Congress MP Shashi Tharoor on Saturday took to micro-blogging site Twitter to admit that he had made an error while commenting on Prime Minister Narendra Modi’s comments on Bangladesh. Tharoor tweeted that his response to the PM’s views on the Bangladesh war was based on just some hasty reading of newspaper headlines and thus erroneous.
The tweet by Tharoor came a day after the Congress leader on Twitter indicated that PM Modi had not acknowledged former Prime Minister Indira Gandhi’s contribution to help in liberating Bangladesh in 1971. Tharoor wrote, “don’t mind admitting when I’m wrong. Yesterday, on the basis of a quick reading of headlines &tweets, I tweeted “everyone knows who liberated Bangladesh," implying that @narendramodi had omitted to acknowledge Indira Gandhi. It turns out he did."
I don't mind admitting when I'm wrong. Yesterday, on the basis of a quick reading of headlines &tweets, I tweeted "everyone knows who liberated Bangladesh," implying that @narendramodi had omitted to acknowledge IndiraGandhi. It turns out he did: https://t.co/YE5DMRzSB0 Sorry!— Shashi Tharoor (@ShashiTharoor) March 27, 2021
Tharoor had tweeted yesterday how PM Modi was “giving Bangladesh a taste of Indian “fake news”.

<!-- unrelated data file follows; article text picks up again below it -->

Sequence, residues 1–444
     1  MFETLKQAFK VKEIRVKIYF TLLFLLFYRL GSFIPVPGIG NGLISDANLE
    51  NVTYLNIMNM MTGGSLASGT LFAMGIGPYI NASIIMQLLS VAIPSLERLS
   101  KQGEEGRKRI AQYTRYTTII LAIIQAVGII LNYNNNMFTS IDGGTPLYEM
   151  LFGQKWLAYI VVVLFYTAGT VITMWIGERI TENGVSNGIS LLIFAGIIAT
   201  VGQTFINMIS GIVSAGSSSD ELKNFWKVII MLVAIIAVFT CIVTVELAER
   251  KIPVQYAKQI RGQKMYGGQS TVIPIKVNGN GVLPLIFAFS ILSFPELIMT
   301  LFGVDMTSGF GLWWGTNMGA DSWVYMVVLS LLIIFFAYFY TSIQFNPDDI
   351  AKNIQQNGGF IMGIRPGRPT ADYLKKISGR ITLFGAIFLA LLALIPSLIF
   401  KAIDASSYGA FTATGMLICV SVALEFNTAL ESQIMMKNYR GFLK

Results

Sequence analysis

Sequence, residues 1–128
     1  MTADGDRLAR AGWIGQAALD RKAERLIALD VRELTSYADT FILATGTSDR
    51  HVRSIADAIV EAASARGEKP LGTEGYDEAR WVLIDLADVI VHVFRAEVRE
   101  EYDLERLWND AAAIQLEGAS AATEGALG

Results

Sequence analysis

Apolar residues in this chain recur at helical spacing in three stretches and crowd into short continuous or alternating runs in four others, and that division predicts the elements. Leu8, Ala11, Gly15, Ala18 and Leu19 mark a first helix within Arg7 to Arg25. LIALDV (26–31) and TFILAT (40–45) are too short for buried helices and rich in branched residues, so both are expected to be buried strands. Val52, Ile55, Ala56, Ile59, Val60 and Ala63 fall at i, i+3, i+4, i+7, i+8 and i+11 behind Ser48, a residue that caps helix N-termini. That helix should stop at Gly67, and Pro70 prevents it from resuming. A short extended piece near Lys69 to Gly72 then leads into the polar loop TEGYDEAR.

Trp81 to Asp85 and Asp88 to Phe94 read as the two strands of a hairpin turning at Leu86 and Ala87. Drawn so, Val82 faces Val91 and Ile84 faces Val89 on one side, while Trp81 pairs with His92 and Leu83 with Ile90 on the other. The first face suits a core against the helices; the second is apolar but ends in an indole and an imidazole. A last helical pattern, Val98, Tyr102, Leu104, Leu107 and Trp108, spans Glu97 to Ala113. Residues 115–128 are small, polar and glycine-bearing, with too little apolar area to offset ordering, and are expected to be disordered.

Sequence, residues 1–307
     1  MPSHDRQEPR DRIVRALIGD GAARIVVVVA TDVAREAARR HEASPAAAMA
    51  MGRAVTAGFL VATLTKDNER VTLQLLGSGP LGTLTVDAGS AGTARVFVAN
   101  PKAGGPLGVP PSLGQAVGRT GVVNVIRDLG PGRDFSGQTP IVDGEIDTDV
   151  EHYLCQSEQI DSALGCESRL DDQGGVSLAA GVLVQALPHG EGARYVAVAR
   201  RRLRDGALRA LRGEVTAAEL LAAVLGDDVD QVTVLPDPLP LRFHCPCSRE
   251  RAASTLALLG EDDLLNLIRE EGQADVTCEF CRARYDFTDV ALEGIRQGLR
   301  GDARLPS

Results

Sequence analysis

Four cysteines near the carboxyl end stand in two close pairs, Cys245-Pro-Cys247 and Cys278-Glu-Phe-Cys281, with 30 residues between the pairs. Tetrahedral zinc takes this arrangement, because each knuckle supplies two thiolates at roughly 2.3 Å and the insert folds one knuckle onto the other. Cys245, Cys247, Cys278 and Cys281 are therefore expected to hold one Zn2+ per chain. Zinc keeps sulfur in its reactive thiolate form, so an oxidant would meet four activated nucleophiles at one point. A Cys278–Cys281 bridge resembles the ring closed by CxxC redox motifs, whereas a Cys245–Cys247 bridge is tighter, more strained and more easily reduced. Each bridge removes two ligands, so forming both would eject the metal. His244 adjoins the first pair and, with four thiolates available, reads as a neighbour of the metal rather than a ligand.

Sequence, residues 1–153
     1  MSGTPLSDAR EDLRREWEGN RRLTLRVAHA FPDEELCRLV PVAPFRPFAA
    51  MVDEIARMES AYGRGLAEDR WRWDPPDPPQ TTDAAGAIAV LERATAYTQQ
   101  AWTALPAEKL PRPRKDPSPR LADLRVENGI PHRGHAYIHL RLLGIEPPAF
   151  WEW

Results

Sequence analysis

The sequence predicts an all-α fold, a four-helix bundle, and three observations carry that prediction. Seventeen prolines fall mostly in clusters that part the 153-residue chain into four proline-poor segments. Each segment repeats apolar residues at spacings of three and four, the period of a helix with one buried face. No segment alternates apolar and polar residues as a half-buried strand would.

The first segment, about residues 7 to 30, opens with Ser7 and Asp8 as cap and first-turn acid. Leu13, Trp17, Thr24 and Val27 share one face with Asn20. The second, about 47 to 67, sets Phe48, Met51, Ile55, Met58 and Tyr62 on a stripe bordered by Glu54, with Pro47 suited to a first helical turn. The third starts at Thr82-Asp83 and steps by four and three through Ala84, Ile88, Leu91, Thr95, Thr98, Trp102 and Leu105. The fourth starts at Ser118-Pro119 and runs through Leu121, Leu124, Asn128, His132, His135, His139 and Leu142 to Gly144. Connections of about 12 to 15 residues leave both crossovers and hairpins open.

International education: our PM is giving Bangladesh a taste of Indian “fake news”. The absurdity is that everyone knows who liberated Bangladesh. https://t.co/ijjDRbszVd— Shashi Tharoor (@ShashiTharoor) March 26, 2021
The PM, during his speech in Dhaka on Bangladesh’s 50th anniversary, had said, “I was 20-22 years old when I, along with my friends, did Satyagrah for the freedom of Bangladesh. I had even been arrested for the same."
Addressing Bangladesh’s 50th Independence anniversary at the National Parade Square, Modi recalled the role played by Indian Army in the freedom war and said the blood of those who fought for their liberation and the blood of Indian soldiers are flowing together and this blood will form such a relationship that will not break down under any type of pressure.
Modi had said both India and Bangladesh have the power of democracy and vision for the future, and it is necessary for the region the two countries progress together. “That is why Indian and Bangladeshi governments are making meaningful efforts in this direction."
Bangladesh became independent from Pakistan after an India-Pakistan war in 1971. The war in 1971 broke after the sudden crackdown at midnight passed on March 25, 1971, in erstwhile East Pakistan by the Pakistani troops and ended on December 16. The same year Pakistan conceded defeat and unconditionally surrendered in Dhaka to the allied forces comprising the freedom fighters and the Indian soldiers.